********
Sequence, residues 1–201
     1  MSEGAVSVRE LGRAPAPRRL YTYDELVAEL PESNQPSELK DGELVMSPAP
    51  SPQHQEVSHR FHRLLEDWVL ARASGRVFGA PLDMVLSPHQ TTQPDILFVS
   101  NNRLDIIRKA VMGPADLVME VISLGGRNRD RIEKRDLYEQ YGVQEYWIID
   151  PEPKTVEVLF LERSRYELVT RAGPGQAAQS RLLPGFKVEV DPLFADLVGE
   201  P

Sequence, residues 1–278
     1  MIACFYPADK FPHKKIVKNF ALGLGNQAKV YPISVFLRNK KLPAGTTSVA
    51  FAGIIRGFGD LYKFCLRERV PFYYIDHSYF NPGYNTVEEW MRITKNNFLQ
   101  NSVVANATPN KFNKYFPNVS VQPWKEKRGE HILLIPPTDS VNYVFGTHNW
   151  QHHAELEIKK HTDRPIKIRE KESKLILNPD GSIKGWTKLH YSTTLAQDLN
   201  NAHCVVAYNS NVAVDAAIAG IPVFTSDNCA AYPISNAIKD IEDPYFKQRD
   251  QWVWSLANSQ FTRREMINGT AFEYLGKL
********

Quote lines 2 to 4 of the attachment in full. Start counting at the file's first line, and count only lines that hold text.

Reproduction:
     1  MSEGAVSVRE LGRAPAPRRL YTYDELVAEL PESNQPSELK DGELVMSPAP
    51  SPQHQEVSHR FHRLLEDWVL ARASGRVFGA PLDMVLSPHQ TTQPDILFVS
   101  NNRLDIIRKA VMGPADLVME VISLGGRNRD RIEKRDLYEQ YGVQEYWIID